What type of fonts should be used in pharmaceutical labeling?

When designing pharmaceutical labeling, every aspect can have a huge impact on the success and usability of a product. If using the wrong font, it can appear unprofessional and may be difficult to read for users, increasing the risk of accidental misuse. To ensure this is not the case, the font type, size, color and spacing of the text should all be carefully considered from both an aesthetic and a practical sense. 

A key factor in font choices is legibility. A patient should be able to read the labeling with ease and be able to distinguish the difference between each character without having to squint or move to a light source. It is important to ensure the background color of the label provides enough contrast with the text color, avoiding patterns, images, or textures that could be difficult. High-contrast black text on a white background is the most popular route which has strong readability and avoids unnecessary eye strain.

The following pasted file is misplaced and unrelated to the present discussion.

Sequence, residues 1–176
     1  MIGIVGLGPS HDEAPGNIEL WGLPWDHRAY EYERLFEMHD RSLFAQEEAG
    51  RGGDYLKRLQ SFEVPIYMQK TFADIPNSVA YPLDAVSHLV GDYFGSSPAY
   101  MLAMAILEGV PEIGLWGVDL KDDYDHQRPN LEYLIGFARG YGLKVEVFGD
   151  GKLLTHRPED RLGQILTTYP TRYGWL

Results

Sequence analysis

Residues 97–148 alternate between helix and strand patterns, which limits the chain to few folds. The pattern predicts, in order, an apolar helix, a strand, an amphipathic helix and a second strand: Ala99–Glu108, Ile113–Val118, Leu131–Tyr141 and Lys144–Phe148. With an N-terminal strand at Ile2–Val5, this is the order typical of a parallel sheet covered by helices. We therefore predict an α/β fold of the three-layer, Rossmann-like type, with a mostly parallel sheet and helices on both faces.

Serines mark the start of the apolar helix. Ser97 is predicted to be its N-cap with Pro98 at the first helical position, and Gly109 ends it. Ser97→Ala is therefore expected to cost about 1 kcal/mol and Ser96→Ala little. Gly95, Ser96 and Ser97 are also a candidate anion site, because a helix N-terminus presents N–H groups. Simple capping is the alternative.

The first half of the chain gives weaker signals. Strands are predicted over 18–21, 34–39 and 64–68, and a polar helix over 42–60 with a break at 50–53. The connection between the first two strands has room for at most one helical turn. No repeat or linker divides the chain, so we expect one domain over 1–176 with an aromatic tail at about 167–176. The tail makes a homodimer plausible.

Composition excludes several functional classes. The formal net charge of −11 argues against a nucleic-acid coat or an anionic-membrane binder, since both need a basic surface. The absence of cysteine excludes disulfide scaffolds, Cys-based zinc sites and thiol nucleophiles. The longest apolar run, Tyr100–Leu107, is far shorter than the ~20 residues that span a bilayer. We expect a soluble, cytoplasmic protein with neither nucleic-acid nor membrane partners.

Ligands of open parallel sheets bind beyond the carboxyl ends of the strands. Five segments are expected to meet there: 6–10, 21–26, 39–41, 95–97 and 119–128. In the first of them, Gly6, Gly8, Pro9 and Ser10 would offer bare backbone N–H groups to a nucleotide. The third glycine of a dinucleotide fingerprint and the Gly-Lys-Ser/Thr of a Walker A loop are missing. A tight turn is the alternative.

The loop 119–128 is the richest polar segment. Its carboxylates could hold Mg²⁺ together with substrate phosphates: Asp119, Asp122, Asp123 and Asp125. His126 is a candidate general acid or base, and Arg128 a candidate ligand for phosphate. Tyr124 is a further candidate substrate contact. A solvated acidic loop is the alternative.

To ensure a font is readable, the FDA has released guidelines on the best fonts to use to suit patients that may struggle to read. Using a sans-serif font instead of a serif-type font is recommended, opting for classic fonts such as Verdana and Arial which are simplistic yet bold enough. The font size should be no smaller than 10 points unless it is information such as the manufacturer details, address, license number, or year of approval, which are permitted to be in a size 8.

As well as the font itself, the design of the label should complement the packaging so a good flow is achieved. When the reader is looking for some key information, they should not have to search or strain their eyes, with the label ideally providing a natural flow that makes it easy to follow.


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